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Monica Bowman

By Amanda Lewan
September 11, 2013

On Cass Avenue in Midtown, a brand-new building called the Auburn is home to students and professionals as well as several new restaurants and shops, including the contemporary art gallery the Butcher’s Daughter.
It’s a perfect spot for the art gallery that was originally located in Ferndale. Major Detroit arts institutions like the DIA and MOCAD are nearby and this area of Midtown is fast transforming into an arts and design district. Unlike major museums though, this smaller, curated gallery helps Detroiters connect with and purchase art from the local contemporary artists of metro Detroit.
Monica Bowman began the Butcher’s Daughter in 2008 when there were few employment options available. Her professional experience was in international business commerce, so she jokes that she moved "from automotive to art." Monica studied art history at Oakland University and obtained a Masters of Art and Museum Studies from Georgetown University.
Monica grew up on the outskirts of Holly, Michigan. Inside her small hometown there were few cultural outlets for creativity and diversity of thought.
"My experiences have led me to believe that there are millions of places and people who feel constrained and are wanting to experience ideas through art," says Monica.
The Butcher’s Daughter features local artists as well as those with connections to metro Detroit. The art on display exemplifies what Monica refers to as her attempt to live in a curious, intimate, and stimulating world with room for many interpretations and voices. In Detroit, there are many voices to be showcased, and many different styles to see and experience.
Monica sees art as a vibrant way to reflect and understand Detroit’s community.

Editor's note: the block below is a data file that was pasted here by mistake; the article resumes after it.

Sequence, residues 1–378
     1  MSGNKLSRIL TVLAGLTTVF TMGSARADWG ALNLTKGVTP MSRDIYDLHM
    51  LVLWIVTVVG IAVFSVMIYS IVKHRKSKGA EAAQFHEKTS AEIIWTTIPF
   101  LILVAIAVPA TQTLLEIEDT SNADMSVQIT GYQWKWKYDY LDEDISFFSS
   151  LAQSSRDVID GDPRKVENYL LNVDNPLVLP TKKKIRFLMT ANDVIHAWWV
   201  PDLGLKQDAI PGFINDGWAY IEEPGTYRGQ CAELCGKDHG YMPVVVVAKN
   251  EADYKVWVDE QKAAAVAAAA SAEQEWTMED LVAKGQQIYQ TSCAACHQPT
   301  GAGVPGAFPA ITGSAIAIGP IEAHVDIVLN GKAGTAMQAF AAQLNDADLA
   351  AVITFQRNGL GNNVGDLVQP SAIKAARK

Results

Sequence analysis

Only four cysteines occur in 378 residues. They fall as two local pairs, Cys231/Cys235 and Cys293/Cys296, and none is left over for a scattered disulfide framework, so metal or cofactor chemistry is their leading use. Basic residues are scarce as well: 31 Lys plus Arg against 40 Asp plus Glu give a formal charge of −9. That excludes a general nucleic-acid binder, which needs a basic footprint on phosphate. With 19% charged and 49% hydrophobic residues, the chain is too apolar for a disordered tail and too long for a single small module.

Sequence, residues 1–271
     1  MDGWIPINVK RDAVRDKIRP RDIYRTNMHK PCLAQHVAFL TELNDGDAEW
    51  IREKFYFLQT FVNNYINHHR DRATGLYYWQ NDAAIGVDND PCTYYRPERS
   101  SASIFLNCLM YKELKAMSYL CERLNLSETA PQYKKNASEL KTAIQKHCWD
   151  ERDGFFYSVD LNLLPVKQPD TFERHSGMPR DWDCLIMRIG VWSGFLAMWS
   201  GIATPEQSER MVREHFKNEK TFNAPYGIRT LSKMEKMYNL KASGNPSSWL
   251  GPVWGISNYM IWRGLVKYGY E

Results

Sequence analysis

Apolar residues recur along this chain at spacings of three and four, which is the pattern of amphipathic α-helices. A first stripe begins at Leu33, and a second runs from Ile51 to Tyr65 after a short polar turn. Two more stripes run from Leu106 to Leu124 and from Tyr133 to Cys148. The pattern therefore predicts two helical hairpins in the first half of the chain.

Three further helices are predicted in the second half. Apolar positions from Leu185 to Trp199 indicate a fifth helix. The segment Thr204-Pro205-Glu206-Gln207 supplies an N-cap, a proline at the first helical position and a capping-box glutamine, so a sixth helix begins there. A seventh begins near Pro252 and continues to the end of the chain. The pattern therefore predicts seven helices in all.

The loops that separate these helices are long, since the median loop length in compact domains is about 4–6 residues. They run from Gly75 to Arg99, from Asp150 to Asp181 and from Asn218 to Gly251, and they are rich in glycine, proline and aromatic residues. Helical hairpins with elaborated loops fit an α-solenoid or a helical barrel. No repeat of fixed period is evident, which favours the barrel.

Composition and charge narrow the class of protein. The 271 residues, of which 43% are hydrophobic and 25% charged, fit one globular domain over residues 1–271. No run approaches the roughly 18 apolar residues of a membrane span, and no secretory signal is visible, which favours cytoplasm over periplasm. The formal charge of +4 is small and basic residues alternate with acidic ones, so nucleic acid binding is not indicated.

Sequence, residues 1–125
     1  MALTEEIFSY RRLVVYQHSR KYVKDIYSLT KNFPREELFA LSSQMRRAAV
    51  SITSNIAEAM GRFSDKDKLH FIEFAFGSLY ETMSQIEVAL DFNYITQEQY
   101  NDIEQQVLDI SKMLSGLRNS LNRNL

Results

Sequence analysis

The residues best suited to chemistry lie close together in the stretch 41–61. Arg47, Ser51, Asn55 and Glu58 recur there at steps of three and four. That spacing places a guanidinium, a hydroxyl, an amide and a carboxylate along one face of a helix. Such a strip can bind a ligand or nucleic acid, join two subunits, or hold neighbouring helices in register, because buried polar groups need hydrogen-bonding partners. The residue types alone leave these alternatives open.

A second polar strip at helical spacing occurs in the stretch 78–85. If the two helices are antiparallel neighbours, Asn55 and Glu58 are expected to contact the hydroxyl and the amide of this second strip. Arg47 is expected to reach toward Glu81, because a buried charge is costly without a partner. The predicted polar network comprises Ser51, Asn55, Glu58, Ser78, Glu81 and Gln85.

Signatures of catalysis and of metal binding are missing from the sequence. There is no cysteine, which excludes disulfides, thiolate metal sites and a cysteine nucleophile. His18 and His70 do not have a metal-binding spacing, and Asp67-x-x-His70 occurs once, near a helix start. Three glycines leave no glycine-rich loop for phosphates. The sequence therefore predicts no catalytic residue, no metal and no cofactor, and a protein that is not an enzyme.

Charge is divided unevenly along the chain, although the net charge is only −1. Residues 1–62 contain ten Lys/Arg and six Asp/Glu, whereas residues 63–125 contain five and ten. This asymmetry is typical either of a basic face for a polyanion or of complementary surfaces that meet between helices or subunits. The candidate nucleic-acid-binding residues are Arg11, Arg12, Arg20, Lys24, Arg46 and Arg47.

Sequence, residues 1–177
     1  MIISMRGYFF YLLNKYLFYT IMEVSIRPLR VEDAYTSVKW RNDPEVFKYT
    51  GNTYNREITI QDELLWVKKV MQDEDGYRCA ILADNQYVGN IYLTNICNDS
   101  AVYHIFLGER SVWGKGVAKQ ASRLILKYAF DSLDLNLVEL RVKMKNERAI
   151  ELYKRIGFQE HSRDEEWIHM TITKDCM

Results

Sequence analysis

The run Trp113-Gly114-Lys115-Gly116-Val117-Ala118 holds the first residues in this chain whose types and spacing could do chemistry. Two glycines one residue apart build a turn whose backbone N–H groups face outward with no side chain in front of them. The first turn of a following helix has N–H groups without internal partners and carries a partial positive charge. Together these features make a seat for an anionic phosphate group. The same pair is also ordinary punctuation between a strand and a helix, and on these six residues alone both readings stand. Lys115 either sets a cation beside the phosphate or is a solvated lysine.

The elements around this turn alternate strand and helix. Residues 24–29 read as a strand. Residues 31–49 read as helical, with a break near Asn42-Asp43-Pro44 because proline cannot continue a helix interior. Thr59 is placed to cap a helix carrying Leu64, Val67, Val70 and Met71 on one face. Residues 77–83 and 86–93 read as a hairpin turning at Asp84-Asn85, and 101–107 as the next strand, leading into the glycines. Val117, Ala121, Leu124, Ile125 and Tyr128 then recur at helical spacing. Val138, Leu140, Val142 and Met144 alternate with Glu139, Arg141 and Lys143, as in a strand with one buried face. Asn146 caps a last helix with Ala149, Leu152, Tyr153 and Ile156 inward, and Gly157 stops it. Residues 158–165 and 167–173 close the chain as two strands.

"Historically, dreamers and makers have always been the muscle that propelled this city forward," says Monica. The artists are a part of that vibrant community, reflecting on the makers—the shift workers at a local factory. The artists reflect on what makes Detroit the living, breathing city we see around us.
Not only does the Butcher’s Daughter showcase a variety of local art, but Monica also helps place the artists’ work in international art fairs and exhibitions on the behalf of the artists.
"Ultimately, for me, it’s about getting the work into proper collections and securing a livelihood for artists so they can continue to be productive," says Monica.
Detroit’s artistic culture may be rich in an innovative, American-made history, but it’s also one that struggles to grow. Having more small galleries adds to the diverse representation of local art in the city. Monica believes there are many strong supporters who are keeping the arts community alive.
"Many cities arguably have more established and traditional funding sources," says Monica. "Regrowth through creative capital is not possible without the guts of the individuals who remain curious and fight tirelessly against cynicism to support the artists, galleries, and nonprofits within the community."

The Butcher's Daughter held its first gallery opening this summer, attracting over 600 visitors to the month-long exhibition. Monica believes the next exhibition will continue to draw a growing crowd of art enthusiasts in the city. The next exhibit at the Butchers Daughter will open September 21*, featuring a solo show by artist Hartmut Austen.

*UPDATE: Since publication of this story, an accident has shut down the Butcher's Daughter gallery until further notice. 

All photos by Doug Coombe. 

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